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mmurphy7 | 09 Aug 2013 | 0 comments

In the past 6 months Apple has released 2 Security Updates for their Windows versions of Quicktime and iTunes addressing 52 vulnerabilities. Both of the Apple Security Bulletins released had vulnerabilities that could be used to exploit the rights of the logged on user. Here’s a breakdown of the updates released:

Bulletins 2
Vulnerabilities 52
% of Vulnerabilities with privilege exploits 48%

Apple, unlike Microsoft and other software vendors Arellia has looked at, does not classify their Security Updates. Instead they lump many vulnerabilities into a single security update. Here’s a breakdown of the two security updates and the vulnerabilities with Privilege Exploits:

Security Update Vulnerabilities with Privilege Exploits Total Vulnerabilities
...
mmurphy7 | 09 Aug 2013 | 0 comments

In the past 6 months Adobe has released 16 Security Bulletins addressing 116 vulnerabilities. Of the 16 Adobe Security Bulletins released 81% had vulnerabilities that could be used to exploit the rights of the logged on user. However, if you don’t count the bulletins related to ColdFusion then 100% of the Security Bulletins had vulnerabilities that could be used to exploit user rights. Here’s a breakdown of the Adobe Security Bulletins:

Bulletins 16
Vulnerabilities 116
% of Bulletins with privilege exploits 81.25%
% of Vulnerabilities with privilege exploits 67.24%

Adobe classifies the bulletins as critical, important, moderate, and low. Similar to Microsoft, critical vulnerabilities can run attacker code and install software...

mmurphy7 | 09 Aug 2013 | 0 comments

In the past 6 months Mozilla has released 62 Security Bulletins addressing 88 vulnerabilities. Of the 62 Mozilla Security Bulletins released more than 1 out of every 2 bulletins had vulnerabilities that could be used to exploit the rights of the logged on user. All of the bulletins released affected Mozilla Firefox, which means that any user not keeping up to date with their Firefox browser is in imminent danger unless some privilege management software is in place. Here’s a breakdown of the Mozilla Security Bulletins:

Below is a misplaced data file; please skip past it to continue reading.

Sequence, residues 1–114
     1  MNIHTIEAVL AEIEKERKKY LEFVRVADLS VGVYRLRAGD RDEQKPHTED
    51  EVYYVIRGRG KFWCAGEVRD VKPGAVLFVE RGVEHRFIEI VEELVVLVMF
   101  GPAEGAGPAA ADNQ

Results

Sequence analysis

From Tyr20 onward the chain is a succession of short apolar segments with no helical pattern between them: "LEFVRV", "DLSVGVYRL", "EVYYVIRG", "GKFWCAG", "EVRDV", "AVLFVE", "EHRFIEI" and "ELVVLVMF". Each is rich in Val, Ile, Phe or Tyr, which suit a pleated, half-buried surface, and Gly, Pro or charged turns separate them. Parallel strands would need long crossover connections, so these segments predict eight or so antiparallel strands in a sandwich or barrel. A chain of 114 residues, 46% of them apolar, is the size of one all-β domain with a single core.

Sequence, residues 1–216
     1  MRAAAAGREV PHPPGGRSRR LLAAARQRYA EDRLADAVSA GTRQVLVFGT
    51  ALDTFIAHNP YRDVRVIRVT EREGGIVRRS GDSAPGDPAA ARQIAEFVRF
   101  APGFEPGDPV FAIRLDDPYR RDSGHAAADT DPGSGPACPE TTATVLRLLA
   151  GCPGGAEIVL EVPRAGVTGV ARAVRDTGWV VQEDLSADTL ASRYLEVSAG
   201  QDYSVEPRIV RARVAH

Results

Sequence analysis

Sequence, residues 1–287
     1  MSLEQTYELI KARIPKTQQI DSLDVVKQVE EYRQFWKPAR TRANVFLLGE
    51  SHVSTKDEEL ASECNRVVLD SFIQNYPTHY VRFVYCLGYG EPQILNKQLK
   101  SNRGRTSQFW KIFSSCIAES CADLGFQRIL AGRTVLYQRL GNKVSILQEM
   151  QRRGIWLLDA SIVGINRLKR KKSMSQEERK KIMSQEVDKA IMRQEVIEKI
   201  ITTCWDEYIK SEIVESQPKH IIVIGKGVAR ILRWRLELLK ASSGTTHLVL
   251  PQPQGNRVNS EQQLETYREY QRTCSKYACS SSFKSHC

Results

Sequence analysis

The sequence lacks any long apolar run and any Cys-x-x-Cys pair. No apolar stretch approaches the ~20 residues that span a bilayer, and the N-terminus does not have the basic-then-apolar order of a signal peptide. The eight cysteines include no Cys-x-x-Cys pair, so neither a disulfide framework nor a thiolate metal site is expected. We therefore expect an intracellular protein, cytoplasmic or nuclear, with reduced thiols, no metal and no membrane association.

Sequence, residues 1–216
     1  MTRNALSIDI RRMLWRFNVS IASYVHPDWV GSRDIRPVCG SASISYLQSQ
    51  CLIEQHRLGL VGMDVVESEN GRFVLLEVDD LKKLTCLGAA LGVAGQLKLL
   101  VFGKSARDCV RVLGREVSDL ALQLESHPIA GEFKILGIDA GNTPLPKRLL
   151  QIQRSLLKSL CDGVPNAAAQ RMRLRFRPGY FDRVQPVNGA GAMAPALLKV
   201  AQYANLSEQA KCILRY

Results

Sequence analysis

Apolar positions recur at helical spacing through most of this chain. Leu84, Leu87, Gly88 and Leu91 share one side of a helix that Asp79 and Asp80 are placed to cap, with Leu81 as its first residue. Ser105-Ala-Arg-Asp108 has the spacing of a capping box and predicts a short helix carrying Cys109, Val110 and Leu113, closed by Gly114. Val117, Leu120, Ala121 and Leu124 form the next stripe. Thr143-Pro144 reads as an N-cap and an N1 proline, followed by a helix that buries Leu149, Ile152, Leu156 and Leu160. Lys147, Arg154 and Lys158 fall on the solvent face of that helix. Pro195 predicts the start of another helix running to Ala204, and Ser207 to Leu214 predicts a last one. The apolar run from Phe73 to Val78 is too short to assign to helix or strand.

Bulletins 62
Vulnerabilities 88
% of Bulletins with privilege exploits 55%
% of Vulnerabilities with privilege exploits 67%

Mozilla...

mmurphy7 | 09 Aug 2013 | 0 comments

In the past 6 months Microsoft has released 51 Security Bulletins addressing 121 vulnerabilities. Here’s a breakdown of the bulletins and vulnerabilities. Of the 51 Microsoft Security Bulletins released nearly 1 out of every 3 bulletins had vulnerabilities that could be used to exploit the rights of the logged on user.

Bulletins 51
Vulnerabilities 121
% of Bulletins with privilege exploits 35%
% of Vulnerabilities with privilege exploits 34%

Microsoft classifies the bulletins as critical, important, moderate, and low. Vulnerabilities of critical bulletins mean vulnerabilities can be exploited without the user knowing. Vulnerabilities of important bulletins will provide end users some warnings that the exploit is happening, but these...

mmurphy7 | 09 Aug 2013 | 0 comments

One of the most dangerous threats to IT security is abuse of privileged access. Preventing the exploitation of administrator privileges first requires knowledge of who has administrator access whether local or domain based. This is not only good practice, but also driven by many security standards.

One such security compliance standard is the Payment Card Industry Data Security Standard (PCI DSS) which outlines many security requirements to protect consumers’ credit card data. Requirement 8.5.1 states: Control addition, deletion, and modification of user IDs, credentials, and other identifier objects, which clearly identifies the need to monitor and maintain control of the administrators group.

The Center for Internet Security (CIS) releases security configuration guidelines for each Operating System. For Windows 7 section 1.8 defines User Rights and who should have access to certain system capabilities. The key to the user rights defined by CIS is which...

stebro | 26 Jun 2013 | 0 comments

Properly securing privileged accounts is a basic security tenet and often a priority for servers. Unfortunately, the same level of concern is not present for desktops in many organizations. Yet desktops\laptops often contain as much sensitive information as servers and have done so for many years.